Surge In Unemployment Continues As Clunky State Systems Await Upgrades

Shavonne Maes paints a mural onto the boarded up facade of Some Random Bar on March 26, 2020, in Seattle.
Shavonne Maes paints a mural onto the boarded up facade of Some Random Bar on March 26, 2020, in Seattle. CREDIT: Megan Farmer/KUOW

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QUICK LINKS FOR UNEMPLOYMENT:

Washington Employment Security Department

Oregon Employment Department

Idaho Department of Labor

Fresh numbers of initial claims for jobless benefits showed some moderation in the past week in the staggering wave of layoffs across the Pacific Northwest caused by the coronavirus pandemic. But the level of unemployment claims continues to hover at record levels, as reported Thursday by the state labor and employment departments of Oregon, Washington and Idaho.

The sobering numbers were accompanied by some slivers of hope for the newly jobless, many of whom have struggled to draw unemployment because claims processing systems are overloaded and telephone hotlines jammed.

“While we have paid out so much into people’s pockets and into the economy, people are still in deep need,” Washington State Employment Security Department Commissioner Suzi LeVine said Thursday as she announced an imminent expansion in eligibility and benefits. “We know there are hundreds of thousands, if not more, who will now be eligible for unemployment assistance. We are looking forward to this expansion.”

Washington’s Employment Security Department plans to shut down its computer system and telephone hotlines on Saturday to update eligibility criteria and temporarily add an extra $600 per week to nearly all checks. These are key elements of the federally funded expansion of the unemployment safety net included in the massive $2 trillion coronavirus pandemic relief package approved by Congress late last month.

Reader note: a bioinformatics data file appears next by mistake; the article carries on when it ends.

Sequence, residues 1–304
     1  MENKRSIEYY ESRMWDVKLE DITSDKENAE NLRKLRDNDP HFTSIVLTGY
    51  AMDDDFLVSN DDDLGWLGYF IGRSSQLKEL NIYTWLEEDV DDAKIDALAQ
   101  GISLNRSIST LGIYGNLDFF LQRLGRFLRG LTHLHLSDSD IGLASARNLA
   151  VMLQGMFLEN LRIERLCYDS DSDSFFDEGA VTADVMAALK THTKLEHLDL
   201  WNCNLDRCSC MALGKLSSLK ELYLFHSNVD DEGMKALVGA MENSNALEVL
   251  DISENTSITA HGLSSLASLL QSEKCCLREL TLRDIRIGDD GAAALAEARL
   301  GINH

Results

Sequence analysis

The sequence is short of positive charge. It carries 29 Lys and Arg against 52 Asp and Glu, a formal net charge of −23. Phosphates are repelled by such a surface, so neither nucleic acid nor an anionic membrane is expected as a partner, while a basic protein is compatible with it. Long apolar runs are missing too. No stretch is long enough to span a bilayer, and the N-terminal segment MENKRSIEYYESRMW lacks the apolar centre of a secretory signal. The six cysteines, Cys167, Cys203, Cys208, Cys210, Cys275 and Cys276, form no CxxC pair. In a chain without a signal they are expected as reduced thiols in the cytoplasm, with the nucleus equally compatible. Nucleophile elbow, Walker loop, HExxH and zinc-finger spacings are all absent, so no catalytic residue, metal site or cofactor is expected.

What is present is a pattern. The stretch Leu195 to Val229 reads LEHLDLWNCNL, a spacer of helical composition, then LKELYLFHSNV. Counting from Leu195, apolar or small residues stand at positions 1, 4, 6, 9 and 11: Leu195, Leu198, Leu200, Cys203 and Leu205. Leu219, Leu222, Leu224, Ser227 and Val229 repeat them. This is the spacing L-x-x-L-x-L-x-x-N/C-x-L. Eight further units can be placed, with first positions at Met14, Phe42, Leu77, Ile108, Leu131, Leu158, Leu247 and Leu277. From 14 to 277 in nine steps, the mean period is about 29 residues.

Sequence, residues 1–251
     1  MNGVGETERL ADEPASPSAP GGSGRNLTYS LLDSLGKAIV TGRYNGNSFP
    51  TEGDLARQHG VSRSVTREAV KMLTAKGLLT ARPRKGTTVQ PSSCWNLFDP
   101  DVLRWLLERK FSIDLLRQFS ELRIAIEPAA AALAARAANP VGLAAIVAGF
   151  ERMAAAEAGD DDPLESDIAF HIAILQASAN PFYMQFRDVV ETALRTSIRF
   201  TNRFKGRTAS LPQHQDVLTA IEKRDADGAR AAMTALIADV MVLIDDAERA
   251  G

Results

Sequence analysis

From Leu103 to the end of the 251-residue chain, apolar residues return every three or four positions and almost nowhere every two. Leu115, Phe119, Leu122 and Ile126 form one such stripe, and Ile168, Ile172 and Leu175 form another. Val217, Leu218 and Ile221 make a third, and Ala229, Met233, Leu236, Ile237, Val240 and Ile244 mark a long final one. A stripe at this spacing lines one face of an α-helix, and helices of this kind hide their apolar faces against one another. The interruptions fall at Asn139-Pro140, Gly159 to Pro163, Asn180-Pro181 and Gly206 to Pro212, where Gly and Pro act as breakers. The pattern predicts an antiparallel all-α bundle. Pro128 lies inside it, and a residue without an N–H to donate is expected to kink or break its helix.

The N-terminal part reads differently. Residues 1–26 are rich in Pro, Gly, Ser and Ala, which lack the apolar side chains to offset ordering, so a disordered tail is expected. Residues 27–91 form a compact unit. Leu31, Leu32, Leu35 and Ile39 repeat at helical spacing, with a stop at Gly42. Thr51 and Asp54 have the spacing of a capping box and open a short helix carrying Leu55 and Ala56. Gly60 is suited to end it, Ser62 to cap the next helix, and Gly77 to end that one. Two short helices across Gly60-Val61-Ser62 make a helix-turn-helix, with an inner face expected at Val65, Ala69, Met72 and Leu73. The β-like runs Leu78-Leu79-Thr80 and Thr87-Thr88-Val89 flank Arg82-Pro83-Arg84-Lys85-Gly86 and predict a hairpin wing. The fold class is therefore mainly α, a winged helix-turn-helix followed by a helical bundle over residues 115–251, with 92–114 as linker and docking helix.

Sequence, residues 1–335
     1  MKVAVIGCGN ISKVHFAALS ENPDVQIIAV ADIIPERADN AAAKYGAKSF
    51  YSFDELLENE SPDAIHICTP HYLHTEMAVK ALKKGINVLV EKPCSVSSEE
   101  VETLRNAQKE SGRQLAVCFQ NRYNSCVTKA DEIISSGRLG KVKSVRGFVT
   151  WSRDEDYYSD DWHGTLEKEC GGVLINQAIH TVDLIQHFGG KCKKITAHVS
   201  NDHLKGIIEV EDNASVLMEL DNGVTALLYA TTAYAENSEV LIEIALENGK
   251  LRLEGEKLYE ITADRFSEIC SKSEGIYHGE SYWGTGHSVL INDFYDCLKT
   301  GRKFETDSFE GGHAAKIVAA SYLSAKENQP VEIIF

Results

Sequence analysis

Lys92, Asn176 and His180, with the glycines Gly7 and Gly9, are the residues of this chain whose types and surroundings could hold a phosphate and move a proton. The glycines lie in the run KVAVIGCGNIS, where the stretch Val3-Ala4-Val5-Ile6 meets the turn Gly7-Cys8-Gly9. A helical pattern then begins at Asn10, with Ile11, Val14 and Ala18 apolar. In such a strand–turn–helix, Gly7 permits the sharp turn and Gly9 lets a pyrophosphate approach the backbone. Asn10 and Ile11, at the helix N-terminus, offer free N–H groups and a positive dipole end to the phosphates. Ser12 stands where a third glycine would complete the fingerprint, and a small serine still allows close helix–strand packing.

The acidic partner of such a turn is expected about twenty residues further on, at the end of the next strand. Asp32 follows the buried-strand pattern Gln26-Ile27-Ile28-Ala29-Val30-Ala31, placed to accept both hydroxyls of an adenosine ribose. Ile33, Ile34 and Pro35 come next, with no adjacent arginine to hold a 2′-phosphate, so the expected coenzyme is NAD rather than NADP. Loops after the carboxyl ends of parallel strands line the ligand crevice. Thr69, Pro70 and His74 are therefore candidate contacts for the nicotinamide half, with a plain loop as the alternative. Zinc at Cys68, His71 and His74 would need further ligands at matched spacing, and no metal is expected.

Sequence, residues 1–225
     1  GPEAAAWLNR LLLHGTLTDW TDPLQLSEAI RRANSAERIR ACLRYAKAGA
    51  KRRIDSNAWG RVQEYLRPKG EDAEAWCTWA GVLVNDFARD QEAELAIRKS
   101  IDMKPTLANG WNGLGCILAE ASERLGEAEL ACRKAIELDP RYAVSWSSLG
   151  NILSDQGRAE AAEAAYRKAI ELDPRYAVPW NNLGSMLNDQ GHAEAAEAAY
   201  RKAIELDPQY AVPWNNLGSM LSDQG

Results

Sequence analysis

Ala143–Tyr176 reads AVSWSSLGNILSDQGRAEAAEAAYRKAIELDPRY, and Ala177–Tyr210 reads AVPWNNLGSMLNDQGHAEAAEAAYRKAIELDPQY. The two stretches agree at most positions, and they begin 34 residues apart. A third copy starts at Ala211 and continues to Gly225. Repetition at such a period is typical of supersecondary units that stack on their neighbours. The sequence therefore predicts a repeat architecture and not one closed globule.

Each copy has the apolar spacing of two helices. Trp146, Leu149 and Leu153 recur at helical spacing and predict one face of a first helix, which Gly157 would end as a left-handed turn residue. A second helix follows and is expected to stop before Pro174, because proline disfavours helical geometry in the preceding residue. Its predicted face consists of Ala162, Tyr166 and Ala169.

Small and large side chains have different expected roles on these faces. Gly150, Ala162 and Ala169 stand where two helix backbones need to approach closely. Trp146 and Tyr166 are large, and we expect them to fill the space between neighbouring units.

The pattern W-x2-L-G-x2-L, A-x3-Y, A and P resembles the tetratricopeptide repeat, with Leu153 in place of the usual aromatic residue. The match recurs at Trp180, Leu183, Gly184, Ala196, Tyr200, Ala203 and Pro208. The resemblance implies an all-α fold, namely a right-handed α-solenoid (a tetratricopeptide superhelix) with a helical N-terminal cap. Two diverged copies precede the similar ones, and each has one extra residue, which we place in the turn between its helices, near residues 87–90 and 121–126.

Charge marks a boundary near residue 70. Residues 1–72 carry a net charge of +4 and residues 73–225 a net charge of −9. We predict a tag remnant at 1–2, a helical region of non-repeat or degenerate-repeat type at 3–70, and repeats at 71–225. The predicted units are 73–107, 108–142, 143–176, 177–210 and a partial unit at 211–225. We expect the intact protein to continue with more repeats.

Previously denied part-timers, gig economy workers, freelancers and independent contractors whose work has dried up can soon file for jobless benefits. The door opens on different dates in different states, depending on how difficult it is to update clunky state government claims systems.

The fix can’t come soon enough for former restaurant server Katrina Thiessen of Thurston County, Washington. Thiessen was laid off in mid-March when the seafood chain where she worked part time had to close. Thiessen qualifies for benefits under the expanded eligibility criteria that Congress funded last month, but she cannot collect anything until Washington state updates its computer software.

“It is absolutely ridiculous to keep individuals and families waiting six weeks before they get their unemployment claims accepted and funds distributed,” Thiessen said in an email. “This is wrong.”

Oregon’s Employment Department has not offered a firm date when it will complete the update to its claims system to account for expanded eligibility under the federal pandemic relief package, formally known as the CARES Act.

The agency did crow about successfully adding the $600 extra weekly benefit to unemployment checks that went out this week. Virtually everyone who is on unemployment gets the extra payout through July.

Idaho won’t have its system updated to pay benefits to people who fall under the expanded eligibility criteria until May.

Thursday’s release of initial jobless claims capped a month of surging unemployment that is without precedent in its velocity. The initial claims reported by Idaho, Oregon and Washington state for the week that ended April 11 were down a bit from a late March peak — but still far higher than the worst week of the Great Recession. This week’s initial claims, when added to the three prior weeks, add up to nearly one million jobs abruptly vaporized by the coronavirus shutdown across the three Northwest states.

Laid-off restaurant worker Katrina Thiessen is frustrated by the weeks-long delay in having her unemployment claim approved.

Laid-off restaurant worker Katrina Thiessen is frustrated by the weeks-long delay in having her unemployment claim approved. CREDIT: Tom Banse/N3

“My concern is that we are seeing i